Earlier this month, a small firestorm of controversy erupted when Flagship Studios, a company founded by key veterans of Blizzard's Diablo team, revealed that its long-awaited debut game, Hellgate: London, could have some kind of subscription element for online multiplayer play.
The game, which lets you explore the gutted remains of England's capital and fight hundreds of different monsters and demons, will feature a complete single-player game, as well as a significant free multiplayer component. To set the record straight, Flagship CEO and cofounder Bill Roper talked with GameSpot about closing the Pandora's box of controversy before opening Hellgate.
GameSpot: What are the plans for the multiplayer component of Hellgate: London? Will there be free multiplayer gameplay? Are there plans for some kind of subscription content? If so, what would be the difference between free and subscription multiplayer?
Bill Roper: We have always had the intention of providing rich, robust, massively multiplayer online gaming experiences for our players. This means that we will be providing everything from a secure client/server infrastructure to 24/7 customer support to maintaining a complete live team to provide not only balance and bug fixes, but more importantly, continuing, ongoing content updates to the game. And while we are still finalizing the commercial and game aspects of our online plans, we can tell players that there will definitely be significant free online play.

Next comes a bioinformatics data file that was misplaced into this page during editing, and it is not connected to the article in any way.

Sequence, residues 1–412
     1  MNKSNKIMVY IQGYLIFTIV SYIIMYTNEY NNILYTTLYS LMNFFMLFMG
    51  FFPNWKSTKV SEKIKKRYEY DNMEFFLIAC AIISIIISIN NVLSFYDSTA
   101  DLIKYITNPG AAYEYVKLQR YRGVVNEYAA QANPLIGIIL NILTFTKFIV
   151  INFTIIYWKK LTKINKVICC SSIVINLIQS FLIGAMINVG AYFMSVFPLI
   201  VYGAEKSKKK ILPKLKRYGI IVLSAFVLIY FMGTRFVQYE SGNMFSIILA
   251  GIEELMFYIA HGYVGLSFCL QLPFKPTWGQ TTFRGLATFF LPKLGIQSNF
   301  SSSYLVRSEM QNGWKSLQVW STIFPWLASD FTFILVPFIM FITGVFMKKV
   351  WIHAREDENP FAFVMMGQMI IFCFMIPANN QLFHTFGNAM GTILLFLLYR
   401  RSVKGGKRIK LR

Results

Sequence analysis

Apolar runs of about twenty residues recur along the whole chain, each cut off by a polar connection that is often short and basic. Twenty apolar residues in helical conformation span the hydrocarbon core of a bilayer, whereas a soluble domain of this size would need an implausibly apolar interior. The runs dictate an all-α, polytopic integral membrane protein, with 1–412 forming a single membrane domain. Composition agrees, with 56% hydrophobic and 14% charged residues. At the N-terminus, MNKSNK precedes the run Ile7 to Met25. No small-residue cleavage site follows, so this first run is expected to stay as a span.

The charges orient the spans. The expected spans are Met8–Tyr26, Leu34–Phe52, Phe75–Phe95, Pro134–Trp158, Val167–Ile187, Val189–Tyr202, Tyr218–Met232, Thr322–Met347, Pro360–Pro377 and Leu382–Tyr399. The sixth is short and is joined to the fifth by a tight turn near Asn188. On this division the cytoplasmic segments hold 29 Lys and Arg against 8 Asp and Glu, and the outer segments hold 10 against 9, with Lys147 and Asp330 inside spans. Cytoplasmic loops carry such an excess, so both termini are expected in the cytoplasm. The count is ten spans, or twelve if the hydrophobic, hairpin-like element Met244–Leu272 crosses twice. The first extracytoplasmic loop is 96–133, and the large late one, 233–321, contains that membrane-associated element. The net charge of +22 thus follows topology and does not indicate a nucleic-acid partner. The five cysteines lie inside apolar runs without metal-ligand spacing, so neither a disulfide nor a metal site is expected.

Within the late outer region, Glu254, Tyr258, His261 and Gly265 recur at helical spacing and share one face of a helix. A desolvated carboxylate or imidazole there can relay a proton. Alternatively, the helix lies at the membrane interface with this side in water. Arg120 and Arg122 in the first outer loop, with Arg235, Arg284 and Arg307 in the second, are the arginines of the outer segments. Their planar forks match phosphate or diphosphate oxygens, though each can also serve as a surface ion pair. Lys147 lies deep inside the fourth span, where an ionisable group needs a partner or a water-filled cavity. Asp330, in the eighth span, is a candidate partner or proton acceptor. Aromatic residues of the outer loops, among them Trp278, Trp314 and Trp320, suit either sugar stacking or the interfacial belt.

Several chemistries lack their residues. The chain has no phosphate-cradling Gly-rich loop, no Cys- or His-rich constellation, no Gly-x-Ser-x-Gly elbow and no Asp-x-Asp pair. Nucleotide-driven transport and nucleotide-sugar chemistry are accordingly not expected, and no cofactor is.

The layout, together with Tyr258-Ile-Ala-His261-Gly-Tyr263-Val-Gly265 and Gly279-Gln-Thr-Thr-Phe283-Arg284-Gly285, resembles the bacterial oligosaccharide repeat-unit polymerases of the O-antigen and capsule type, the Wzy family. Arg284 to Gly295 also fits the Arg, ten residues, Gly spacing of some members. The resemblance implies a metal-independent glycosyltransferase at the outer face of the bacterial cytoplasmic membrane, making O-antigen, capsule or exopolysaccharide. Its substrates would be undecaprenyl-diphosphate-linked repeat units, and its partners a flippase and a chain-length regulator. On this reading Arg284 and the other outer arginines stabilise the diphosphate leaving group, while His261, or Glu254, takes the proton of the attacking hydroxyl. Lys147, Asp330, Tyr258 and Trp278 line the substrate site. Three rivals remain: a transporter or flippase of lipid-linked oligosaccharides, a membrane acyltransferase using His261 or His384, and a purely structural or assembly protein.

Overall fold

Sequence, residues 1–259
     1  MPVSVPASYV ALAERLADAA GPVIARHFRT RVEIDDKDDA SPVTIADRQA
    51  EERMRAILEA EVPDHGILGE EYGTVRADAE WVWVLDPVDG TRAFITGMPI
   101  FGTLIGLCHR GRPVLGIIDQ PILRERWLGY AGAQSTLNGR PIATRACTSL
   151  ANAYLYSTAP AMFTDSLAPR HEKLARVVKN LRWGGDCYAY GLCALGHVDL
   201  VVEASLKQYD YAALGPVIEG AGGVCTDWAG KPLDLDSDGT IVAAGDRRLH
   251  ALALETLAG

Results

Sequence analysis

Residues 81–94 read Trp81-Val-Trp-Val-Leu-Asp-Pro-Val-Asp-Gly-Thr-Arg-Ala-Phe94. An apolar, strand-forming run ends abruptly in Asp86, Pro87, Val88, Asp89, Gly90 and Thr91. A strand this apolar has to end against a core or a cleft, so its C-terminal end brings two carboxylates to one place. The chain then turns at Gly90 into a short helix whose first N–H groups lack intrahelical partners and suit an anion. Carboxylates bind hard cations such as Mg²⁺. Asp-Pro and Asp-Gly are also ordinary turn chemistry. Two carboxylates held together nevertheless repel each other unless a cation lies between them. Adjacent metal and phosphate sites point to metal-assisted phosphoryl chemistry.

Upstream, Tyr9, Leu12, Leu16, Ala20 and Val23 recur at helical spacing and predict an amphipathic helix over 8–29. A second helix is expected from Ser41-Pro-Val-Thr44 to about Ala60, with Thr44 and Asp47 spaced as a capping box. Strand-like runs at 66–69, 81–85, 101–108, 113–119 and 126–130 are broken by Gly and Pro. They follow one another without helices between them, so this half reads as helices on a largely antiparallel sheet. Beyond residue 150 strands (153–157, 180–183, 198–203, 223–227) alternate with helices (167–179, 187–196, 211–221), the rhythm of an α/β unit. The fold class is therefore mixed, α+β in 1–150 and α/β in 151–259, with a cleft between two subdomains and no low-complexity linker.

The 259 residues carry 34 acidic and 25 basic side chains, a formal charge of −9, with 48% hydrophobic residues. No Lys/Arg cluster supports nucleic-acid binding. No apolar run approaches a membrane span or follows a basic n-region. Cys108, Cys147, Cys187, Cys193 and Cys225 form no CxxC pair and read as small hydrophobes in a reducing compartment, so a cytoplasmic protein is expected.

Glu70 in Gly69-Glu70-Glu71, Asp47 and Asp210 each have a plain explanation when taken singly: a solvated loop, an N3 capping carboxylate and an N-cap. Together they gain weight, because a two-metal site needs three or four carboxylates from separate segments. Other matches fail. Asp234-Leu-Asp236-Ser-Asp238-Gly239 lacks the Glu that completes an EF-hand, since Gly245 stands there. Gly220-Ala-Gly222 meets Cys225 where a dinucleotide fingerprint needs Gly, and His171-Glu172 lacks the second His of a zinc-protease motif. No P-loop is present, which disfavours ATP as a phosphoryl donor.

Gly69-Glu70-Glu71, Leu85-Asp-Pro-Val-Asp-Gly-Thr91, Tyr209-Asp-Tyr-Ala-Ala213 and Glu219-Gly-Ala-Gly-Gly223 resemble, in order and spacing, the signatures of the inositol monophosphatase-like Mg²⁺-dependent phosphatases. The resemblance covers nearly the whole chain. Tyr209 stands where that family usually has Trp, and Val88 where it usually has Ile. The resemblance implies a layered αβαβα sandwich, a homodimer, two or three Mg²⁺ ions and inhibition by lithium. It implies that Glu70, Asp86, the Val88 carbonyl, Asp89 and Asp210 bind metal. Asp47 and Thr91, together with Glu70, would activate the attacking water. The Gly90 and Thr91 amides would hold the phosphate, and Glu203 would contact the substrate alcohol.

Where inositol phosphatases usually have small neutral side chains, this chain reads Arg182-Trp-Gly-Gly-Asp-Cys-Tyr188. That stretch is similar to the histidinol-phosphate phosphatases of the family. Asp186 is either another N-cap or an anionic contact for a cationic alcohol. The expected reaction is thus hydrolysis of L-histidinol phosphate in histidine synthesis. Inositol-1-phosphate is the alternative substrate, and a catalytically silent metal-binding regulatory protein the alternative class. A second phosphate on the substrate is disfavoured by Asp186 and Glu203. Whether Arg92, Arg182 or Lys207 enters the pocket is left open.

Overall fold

GS: Regardless of the multiplayer situation, you will be able to play Hellgate: London entirely as a single-player game, correct?
BR: Of course! This has never changed and has always been a key part of our design. We know that not everyone has the ability or desire to play with others or online. Just as with the Diablo series, we have created a complete single-player experience whose longevity of gameplay benefits from all of the randomization, rarity, and customization you'd expect from us.
GS: When can we expect the details to finally get nailed down regarding the multiplayer situation?
BR: We're working to create a plan that allows us to provide all of the service and ongoing content while taking the interests and needs of our players around the world into account. It is a complex process, but we should be able to share these plans with our fans soon.
GS: The game will go into a closed beta test at the end of the month. What are the plans from that point in terms of development?
BR: We're going to begin testing of our online component in a closed "friends and family" alpha at the end of this month. Based on this testing process the pace and increased player base of our beta program will take shape. We are progressing on the development of the game at an excellent pace, and we're extremely energized by how all the pieces are coming together. Our weekly play days are pushing us further and further along the storyline and scope of the game, and our class advocates (developers who are responsible for making sure their class is the best it can be) started offering directed feedback last week.
GS: Is there anything that you'd like to add?
BR: We're actually excited to know that so many people are so passionate about the game that they want to know as much as possible about it. We continue to put every ounce of our energies into making the best game possible, and we can't wait to start playing with everyone in the beta over the next few months.
GS: Thank you, Bill.